The Handling of Compensation Claims for Victims of 2015 Terror Attack

The Handling of Compensation Claims for Victims of 2015 Terror Attack

San Bernardino 

The California Division of Workers’ Compensation recently completed its review of how the County of San Bernardino and the workers’ compensation system responded in the wake of the December 2, 2015, terrorist attack at the Inland Regional Center. 

The county requested the review in consideration of some public concerns expressed over compensation denials and treatment approval delays. 

Workers’ compensation is a system used by states across the nation to determine liability, provide compensation, and adjudicate disputes for claims and cases involving job-related deaths, injuries and illnesses. 

The 2015 terror incident generated 100 workers’ compensation claims, 96 by County employees or their survivors and four involving other employers. As of mid-January, the county had paid over four million dollars for benefits and medical care and had a reserve amount of nearly $22 million for continuing and future costs. 

According to county officials, denials or modifications of requests that did not fit within the Medical Treatment Utilization Schedule (MTUS) guidelines were clearly an exception to the overall pattern of treatment requests being routinely accepted or approved through the utilization review process. Because most of the victims were County employees attending a work-related function, workers’ compensation was the primary means through which medical care and other benefits were provided to those victims. 

In a letter dated February 23, George Parisotto, Acting Administrative Director, Division of Workers’ Compensation, stated the agency had reviewed summaries of claims and treatment decisions forwarded by the county, as well as information available from independent sources, including Independent Medical Review decisions and Workers’ Compensation Appeals Board case files. “Our review shows that of the total 2,146 treatment decisions, 90 percent were approved and 3 percent received modified approval,” Parisotto said. 

According to Parisotto, as the claims matured over time, San Bernardino County increased its scrutiny of treatment requests—this led to some modifications and denials. A portion of those requests were appealed in the Independent Medical Review (IMR) system. 

While the IMR decisions generally upheld the county’s actions, often because doctors had failed to document or fully explain their requests, employees who were still suffering and expected their doctors’ recommendations to be followed were frustrated by the denials.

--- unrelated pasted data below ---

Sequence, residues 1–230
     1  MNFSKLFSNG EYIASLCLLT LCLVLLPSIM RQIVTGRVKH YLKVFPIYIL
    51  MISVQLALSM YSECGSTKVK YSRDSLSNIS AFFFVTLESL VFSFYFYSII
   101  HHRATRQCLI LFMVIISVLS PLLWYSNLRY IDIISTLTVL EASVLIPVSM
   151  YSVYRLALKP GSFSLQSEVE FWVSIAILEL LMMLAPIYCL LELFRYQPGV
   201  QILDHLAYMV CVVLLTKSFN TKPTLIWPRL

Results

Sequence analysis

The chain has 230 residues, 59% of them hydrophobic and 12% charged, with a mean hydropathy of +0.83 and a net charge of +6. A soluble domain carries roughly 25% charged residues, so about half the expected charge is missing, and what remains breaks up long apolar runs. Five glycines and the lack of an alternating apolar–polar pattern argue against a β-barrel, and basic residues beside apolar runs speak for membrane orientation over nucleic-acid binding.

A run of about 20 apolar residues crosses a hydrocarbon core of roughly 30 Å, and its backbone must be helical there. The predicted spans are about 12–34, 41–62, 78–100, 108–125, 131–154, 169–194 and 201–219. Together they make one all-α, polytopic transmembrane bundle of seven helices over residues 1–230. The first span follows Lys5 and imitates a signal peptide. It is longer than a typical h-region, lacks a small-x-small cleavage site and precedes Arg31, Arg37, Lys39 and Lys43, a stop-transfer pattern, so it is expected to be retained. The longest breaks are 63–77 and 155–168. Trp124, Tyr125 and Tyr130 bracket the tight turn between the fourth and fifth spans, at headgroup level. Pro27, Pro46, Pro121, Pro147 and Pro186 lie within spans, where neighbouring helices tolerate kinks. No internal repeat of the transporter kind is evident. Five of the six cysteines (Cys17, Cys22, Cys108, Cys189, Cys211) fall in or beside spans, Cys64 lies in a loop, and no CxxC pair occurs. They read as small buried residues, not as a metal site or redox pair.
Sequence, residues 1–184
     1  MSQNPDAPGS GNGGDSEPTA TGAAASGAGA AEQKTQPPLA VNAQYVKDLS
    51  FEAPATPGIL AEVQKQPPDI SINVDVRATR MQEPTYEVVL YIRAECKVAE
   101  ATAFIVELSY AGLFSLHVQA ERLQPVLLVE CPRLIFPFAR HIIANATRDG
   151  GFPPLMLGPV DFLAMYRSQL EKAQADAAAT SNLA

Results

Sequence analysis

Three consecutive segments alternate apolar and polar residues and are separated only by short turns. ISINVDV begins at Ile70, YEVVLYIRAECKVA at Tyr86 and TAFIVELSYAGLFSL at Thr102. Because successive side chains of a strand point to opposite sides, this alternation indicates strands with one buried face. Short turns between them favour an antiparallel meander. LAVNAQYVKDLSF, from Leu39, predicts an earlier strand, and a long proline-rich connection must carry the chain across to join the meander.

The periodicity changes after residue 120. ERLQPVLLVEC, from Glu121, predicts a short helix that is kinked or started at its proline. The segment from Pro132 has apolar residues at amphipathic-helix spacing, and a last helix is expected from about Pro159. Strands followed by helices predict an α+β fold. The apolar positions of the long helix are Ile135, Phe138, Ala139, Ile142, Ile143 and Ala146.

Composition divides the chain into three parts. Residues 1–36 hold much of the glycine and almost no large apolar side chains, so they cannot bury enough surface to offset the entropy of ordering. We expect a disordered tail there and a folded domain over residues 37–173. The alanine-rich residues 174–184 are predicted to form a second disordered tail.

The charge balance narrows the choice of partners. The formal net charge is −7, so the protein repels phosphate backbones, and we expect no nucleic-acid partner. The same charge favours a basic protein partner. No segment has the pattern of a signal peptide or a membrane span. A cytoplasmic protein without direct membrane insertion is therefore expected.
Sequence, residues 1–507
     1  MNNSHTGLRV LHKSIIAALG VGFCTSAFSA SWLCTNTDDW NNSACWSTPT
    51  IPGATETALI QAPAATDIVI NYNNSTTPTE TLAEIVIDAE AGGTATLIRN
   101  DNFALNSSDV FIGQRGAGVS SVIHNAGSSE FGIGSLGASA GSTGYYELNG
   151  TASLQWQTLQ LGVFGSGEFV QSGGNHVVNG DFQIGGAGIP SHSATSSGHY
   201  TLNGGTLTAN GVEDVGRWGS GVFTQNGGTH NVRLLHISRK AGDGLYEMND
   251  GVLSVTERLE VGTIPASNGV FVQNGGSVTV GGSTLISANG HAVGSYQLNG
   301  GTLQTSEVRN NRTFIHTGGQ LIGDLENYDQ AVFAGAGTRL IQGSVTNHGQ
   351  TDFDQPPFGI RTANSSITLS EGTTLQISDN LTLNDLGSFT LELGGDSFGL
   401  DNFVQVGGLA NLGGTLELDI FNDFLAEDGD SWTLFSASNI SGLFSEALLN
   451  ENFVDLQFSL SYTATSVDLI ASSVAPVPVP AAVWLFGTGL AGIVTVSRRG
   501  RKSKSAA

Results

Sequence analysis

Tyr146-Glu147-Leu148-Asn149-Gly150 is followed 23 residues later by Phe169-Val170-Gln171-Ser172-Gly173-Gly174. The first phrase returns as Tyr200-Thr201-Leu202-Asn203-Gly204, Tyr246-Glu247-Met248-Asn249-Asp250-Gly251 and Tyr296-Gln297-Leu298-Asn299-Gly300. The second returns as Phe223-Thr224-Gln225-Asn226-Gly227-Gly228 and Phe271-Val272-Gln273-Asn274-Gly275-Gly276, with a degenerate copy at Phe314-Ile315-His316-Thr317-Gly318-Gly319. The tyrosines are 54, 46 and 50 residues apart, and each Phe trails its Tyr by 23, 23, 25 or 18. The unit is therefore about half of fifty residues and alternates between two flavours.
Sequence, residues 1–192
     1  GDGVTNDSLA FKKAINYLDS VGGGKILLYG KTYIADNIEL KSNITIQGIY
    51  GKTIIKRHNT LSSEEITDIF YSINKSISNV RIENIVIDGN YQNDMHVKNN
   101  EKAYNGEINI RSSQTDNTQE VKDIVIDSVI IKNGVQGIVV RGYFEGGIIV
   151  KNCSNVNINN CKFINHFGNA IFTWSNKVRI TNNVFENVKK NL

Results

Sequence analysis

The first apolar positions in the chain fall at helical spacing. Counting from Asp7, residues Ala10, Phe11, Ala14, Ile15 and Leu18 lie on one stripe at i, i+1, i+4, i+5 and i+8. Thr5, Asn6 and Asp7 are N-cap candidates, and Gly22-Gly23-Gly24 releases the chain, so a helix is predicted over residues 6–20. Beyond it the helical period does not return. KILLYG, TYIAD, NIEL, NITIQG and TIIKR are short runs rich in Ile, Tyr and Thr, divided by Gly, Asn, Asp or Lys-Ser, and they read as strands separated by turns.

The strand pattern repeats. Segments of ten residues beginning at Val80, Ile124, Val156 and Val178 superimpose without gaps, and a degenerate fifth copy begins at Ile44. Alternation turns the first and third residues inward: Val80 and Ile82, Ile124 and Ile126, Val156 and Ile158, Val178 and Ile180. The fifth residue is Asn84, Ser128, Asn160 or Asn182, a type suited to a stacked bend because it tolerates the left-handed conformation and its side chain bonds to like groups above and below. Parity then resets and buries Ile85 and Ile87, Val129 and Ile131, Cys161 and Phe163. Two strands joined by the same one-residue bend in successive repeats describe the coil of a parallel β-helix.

More recently, the county hired a nurse case manager to serve as an ombudsperson to help facilitate the presentation of treatment requests in a way that will satisfy the workers’ compensation system’s treatment guidelines. 

Parisotto agreed with this approach. “We think this would be an appropriate first step when dealing with an incident of this nature and that having someone with an incident of this nature and that having someone available throughout to facilitate the approval of claims and treatment requests between providers and claims administrators would likely reduce frustration experienced by some of the victims.” 

The County denied the workers’ compensation claims of 25 other employees alleging psychological injury arising out of the incident. According to the county, a common thread among these denials was that the employees were not present at the training center when the incident occurred. Three of the denials were appealed through the filling of Applications for Adjudication with the DWC/ WCAB. One was settled by Compromise and Release for $7,000; one was voluntarily dismissed without prejudice; and the other one remains open. The low rate of appeal and results of those appeals thus far suggests that the denials were largely accepted as appropriate decisions by the claimants and their advocates. 

In addition to workers’ compensation claims, the County paid the allowable funeral costs of up to $10,000 through the workers’ compensation system, and additional funds to cover higher costs were available through the California Victims Compensation Board. 

To date, nine death benefits claims were approved and benefit payments to the eligible dependents began within two to four months after the incident. Two additional claims are open but remain unresolved pending proof of dependency by those claiming entitlement to benefits. For the other two deceased, burial expenses were paid, but no dependents have been identified or come forward to claim monetary benefits.

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